The event included groundbreaking for a new inclusive playground, performers and community
The Lee County Black History Society, Dunbar Festival Committee, City of Fort Myers and the African Coalition of Southwest Florida celebrated the community on June 17 at a Juneteenth event to mark the end of slavery in the United States.
The day-long celebration at Roberto Clemente Park included performers, recognition of students, prayer, historic readings and a groundbreaking for a new inclusive playground by the City of Fort Myers.
The Roberto Clemente Park Inclusive Playground, which is expected to be completed Sept. 2024 is made possible by a $1 million appropriation from the state Legislature’s Choice Neighborhood Initiative Program, a collaboration with the Housing Authority of the City of Fort Myers and includes purchase and installation of park equipment for children of all ages, abilities and backgrounds.
Also at the event, Lee County students were recognized on stage for their academic and community service achievements as part of the CARRS Program, Celebrating and Recognizing Students’ Success, a collaboration between educator, Constance Davis White, Lee County Black History Society and the School District of Lee County. Students received an award, medal and $25 gift certificate.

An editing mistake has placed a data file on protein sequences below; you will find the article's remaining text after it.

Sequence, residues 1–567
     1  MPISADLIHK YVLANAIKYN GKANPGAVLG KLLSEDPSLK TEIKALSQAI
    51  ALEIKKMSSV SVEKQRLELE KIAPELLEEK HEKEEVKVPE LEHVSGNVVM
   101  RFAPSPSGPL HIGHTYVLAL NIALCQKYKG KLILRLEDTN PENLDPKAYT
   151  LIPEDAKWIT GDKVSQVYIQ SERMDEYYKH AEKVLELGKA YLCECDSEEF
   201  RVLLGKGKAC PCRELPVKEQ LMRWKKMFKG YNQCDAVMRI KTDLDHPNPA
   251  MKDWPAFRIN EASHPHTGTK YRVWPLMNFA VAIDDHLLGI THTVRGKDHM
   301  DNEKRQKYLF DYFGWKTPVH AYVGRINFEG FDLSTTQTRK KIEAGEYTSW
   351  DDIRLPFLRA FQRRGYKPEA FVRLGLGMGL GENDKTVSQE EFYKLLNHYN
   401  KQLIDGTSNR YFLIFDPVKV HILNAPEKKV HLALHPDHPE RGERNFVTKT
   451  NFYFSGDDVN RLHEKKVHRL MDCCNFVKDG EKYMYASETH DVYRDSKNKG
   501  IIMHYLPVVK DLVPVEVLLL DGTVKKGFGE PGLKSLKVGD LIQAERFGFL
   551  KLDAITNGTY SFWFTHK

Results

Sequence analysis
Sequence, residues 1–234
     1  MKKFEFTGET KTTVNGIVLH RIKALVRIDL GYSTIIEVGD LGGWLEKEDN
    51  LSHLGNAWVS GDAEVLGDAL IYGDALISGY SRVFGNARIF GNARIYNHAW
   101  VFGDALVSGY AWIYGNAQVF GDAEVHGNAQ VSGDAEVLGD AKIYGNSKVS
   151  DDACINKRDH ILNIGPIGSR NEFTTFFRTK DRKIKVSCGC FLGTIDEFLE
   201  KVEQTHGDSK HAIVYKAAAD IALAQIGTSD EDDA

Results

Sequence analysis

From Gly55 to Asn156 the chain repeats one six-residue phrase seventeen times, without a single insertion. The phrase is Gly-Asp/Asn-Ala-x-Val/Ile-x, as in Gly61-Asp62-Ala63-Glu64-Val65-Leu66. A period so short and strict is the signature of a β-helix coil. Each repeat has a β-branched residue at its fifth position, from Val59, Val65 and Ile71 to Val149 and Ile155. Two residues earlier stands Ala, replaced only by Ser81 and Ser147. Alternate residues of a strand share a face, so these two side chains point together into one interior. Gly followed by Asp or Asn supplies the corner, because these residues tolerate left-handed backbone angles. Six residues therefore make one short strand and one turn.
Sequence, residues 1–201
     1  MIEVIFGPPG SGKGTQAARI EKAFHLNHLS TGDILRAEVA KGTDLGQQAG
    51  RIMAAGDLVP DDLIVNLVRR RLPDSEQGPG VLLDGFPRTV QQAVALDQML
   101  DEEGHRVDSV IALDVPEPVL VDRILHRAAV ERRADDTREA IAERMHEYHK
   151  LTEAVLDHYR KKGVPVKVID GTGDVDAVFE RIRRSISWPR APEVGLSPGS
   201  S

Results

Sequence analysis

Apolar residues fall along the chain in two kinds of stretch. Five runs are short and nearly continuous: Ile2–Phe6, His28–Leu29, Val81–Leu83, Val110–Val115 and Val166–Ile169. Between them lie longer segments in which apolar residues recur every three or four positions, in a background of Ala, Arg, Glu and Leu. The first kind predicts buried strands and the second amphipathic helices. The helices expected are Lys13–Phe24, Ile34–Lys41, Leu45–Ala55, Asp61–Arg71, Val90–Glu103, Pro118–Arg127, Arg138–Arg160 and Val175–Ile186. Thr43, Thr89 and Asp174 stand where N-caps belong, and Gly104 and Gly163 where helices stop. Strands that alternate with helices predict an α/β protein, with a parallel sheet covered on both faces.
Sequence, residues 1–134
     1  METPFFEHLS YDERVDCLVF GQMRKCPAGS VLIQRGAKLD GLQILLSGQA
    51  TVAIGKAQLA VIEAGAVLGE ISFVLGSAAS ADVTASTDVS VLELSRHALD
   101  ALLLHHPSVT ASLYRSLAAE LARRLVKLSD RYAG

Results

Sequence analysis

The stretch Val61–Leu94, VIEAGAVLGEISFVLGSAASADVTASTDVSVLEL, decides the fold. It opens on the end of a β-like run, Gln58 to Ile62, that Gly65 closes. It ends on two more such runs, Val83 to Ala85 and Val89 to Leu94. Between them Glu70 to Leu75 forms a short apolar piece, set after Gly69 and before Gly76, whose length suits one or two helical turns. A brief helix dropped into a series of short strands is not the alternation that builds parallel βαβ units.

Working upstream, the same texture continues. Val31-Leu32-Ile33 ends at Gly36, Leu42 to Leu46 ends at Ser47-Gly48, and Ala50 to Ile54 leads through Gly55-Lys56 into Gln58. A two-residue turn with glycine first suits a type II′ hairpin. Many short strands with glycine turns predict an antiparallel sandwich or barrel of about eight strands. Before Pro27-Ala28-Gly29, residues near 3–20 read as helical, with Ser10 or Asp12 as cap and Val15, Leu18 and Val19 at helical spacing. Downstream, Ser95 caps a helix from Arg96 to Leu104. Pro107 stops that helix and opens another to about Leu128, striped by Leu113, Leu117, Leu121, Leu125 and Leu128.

Highlights of the day’s events included:
- Inspirational prayer by Rev. Jarrod Parker, Friendship Missionary Baptist Church
- The Black National Anthem and Pledge of Allegiance by Theresa Myers
- Reading of the Emancipation Proclamation by Lo’Dovic Kimble
- Guided tours of the Williams Academy Black History Museum
- Community music, dance, and spoken word performances
Juneteenth, which has been celebrated since the late 1800s, was finally recognized as a federal holiday in 2021. A special historical exhibit about Florida’s Emancipation Day May 20 and Juneteenth is available at Williams Academy Black History Museum at Clemente Park through the end of June.
Juneteenth is always observed on or around June 19, the day that slaves in Galveston, Texas, learned that they had been freed, more than two years after President Lincoln’s Emancipation Proclamation.
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